A patch of land is nestled unassumingly near the Ormsby Recreation Center in the South Side. It’s small and quiet, autumn rustling through the stems and stalks inside its fence, some bearing last, late straggling fruits. But still as it now is, at peak it’s as active as the swimming pool churning with cannonballs on one side and the basketball court vibrant with swishes and thumps on the other. This is the Ormsby Kids’ Community Garden, a project of the South Side Community Council, and it’s abundant.
Kathleen Petrillo, Council board member and Ormsby liaison, had initially started the garden a decade ago with a few beds and a handful of plants. In a vulnerable location and without resources in place, it wasn’t its moment. In 2021, people, materials, and support came together and the time was right. The old beds and a disorderly mint plant were removed, backing from Love Your Block and the Neighborhood Fund arrived, Grow Pittsburgh supplied equipment.
When attempts to find an affordable landscaper were unsuccessful, Petrillo took to social media in search of recommendations. The neighborhood itself showed up instead. “A bunch of mothers said, ‘we’ll come down and do it,’ “ she says. Claire Pro, director of South Side Kids, was glad to pitch in. “The garden is a great enrichment opportunity for the local children,” she says. So she, Petrillo, and others spent the summer digging.
The next year, planting the garden began. And over the past summer, Petrillo says, “it flourished.” Cantaloupe, okra, potatoes, watermelon, berries, squash, a rogue sunflower “that isn’t supposed to be here,”, peppers, herbs, perennials for the bees, and a few cases of mistaken identity with zucchinis that were assumed to be cucumbers and ground cherries “which I thought were cherries but are tomatoes” grew, and grew, and grew. Regular harvests were either left on a shelf outside the fence for anyone who could use them, or placed directly into the mouths of the young reapers.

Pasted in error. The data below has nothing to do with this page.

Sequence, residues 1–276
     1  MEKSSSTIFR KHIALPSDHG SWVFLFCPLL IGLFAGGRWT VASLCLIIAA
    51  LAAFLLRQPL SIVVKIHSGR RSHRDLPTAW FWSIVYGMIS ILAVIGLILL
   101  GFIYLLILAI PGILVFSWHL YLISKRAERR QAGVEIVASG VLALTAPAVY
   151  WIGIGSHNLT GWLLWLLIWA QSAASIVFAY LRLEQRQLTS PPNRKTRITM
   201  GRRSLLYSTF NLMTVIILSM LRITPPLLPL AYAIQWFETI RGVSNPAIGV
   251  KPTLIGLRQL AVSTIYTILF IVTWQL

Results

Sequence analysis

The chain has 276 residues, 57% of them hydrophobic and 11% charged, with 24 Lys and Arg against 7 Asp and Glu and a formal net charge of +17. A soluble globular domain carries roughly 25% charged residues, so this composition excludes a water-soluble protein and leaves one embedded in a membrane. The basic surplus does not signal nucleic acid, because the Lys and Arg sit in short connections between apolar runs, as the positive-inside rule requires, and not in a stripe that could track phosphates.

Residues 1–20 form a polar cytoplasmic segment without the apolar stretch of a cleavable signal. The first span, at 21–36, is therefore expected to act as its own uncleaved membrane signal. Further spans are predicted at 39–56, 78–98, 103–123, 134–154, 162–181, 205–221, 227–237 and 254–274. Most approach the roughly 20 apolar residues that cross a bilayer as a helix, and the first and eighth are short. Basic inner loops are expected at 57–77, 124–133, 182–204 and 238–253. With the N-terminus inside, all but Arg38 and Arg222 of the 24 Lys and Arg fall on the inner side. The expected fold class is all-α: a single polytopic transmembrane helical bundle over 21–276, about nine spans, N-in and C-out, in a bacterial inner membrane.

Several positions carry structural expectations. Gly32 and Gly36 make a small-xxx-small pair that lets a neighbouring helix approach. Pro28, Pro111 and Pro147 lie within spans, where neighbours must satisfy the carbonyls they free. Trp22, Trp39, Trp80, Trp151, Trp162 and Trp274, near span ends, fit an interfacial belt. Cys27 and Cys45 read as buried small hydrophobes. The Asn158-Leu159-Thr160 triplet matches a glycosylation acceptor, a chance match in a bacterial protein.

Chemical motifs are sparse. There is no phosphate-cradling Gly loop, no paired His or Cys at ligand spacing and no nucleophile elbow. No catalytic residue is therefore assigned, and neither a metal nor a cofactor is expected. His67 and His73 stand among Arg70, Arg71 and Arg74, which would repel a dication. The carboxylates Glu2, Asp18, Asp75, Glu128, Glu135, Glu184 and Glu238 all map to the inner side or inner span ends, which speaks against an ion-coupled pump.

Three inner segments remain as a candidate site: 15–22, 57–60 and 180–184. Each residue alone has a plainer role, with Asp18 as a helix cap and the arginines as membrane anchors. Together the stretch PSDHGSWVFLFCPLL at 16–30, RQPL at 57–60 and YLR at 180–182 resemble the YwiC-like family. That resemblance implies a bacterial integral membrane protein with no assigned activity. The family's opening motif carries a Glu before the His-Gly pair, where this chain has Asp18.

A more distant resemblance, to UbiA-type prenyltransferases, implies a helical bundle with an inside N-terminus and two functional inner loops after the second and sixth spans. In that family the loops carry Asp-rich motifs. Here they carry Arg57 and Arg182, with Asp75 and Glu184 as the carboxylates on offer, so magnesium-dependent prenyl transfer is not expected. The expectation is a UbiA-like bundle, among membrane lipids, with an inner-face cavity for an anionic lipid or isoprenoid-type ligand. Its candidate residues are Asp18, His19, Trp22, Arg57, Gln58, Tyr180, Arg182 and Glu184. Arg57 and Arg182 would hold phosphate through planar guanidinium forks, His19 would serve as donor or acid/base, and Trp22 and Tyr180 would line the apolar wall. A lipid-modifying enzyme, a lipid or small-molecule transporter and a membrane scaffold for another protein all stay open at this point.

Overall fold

During the summer, the garden utilized participants in Ormsby Recreation Center’s camps. Now, afterschool programs lay the groundwork for next year, with grow lights, mats and the basics. Seeds and how they become plants, plants and how they become food. “Urban farming is kind of a foreign concept,” says Pro. “We’re teaching these kids at a young age how to weed, seed, cultivate, and harvest, in an effort to educate local kids about sustainability and the health and environmental importance of growing their own food.”
In addition to the children taking part in structured programs, there’s been participation from parents, park visitors, and anyone who wanted to jump in and volunteer. “All these kids would be around asking what we were doing,” Petrillo says. “ When we said, ‘We’re digging out the garden, you wanna come help?’ they’d say ‘YEAH!!!’ “
Petrillo grew up with a garden, and that’s what motivated the creation of this one. “My dad’s garden was huge, and this was my pet project because I wanted to bring my father’s garden to the city.” Once she overheard three young boys talking. When one stated his wish to become a gardener when he grew up, the other two were in assent, wanting to follow the same path themselves. They have the chance to become interested in the process, and she views that as the greatest success.
And that interest could grow itself. A pot of mint or basil could easily appear on a kitchen windowsill; one plant could turn to many. Who knows, wresting a cherry tomato off the vine today could lead to the study of horticulture many tomorrows later. They’ve had a hand in the creation of food, and a starting point for a lifelong appreciation and understanding of the transition from even a small farm to their very own tables.